The final section of the spire sits on top of One World Trade Center May 10, 2013 in New York after it was fully installed on the building's roof. (TIMOTHY A. CLARY/AFP/Getty Images)
To cheers from spectators and workers alike, construction crews set a silver spire atop New York City's One World Trade Center on Friday to bring the structure to its full 1,776 height and cap an emotional 12-year effort to restore a key part of the city skyline shattered by the 9/11 terror attacks.
The 408-foot spire, which weighs 758 tons, includes a broadcast antenna and a light that will be visible from miles away to serve as a both a beacon for aircraft and a permanent signal of triumph over extremists who jolted the city and the country.
"This really is a symbolic moment because this building really represents the resiliency of this country," Port Authority Vice Chair Scott Rechler told TODAY's Matt Lauer, who was perched on the 104th floor to witness the process. "These people, the thousand men and women who have worked here tirelessly, really as a tribute for the people that perished on 9/11 right on this site."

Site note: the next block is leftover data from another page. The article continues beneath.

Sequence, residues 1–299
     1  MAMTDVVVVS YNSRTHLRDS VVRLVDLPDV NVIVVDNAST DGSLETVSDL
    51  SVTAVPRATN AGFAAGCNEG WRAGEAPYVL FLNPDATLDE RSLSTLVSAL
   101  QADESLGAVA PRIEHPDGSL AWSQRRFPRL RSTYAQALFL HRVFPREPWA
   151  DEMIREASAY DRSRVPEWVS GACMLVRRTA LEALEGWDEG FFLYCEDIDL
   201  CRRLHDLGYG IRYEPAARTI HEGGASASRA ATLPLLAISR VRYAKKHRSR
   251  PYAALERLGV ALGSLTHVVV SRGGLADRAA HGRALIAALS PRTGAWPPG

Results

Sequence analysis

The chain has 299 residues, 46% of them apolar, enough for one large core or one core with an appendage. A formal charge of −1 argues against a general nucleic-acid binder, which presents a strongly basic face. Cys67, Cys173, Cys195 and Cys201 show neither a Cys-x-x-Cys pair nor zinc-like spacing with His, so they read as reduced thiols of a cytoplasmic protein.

The needle will be held in place by a temporary structure until iron workers finish off the permanent base in the coming weeks.
The 1,776 feet - or 541 meters - is symbolic of the year 1776, when the U.S. declared its independence.
The building is rising at the northwest corner of the site where the twin towers were destroyed in the Sept. 11, 2001, terror attacks. The area is well on its way to reconstruction with the 72-story Four World Trade Center and other buildings.
The tower is scheduled to open for business in 2014. Tenants include the magazine publisher Conde Nast, the government's General Services Administration and Vantone Holdings China Center, which will provide business space for international companies.
The elegant spire gives the building the extra height needed to claim the status as the tallest structure in the U.S. and the third-tallest in the world, although building experts dispute whether the spire is actually an antenna - a crucial distinction in measuring the building's height.
Without the spire, One World Trade Center would be looking up at the Willis Tower in Chicago, which tops out at 1,451 feet, not including its own antennas.
The Council on Tall Buildings and Urban Habitat, a Chicago-based organization considered an authority on such records, says an antenna is something simply added to the top of a tower that can be removed. By contrast, a spire is something that is part of the building's architectural design.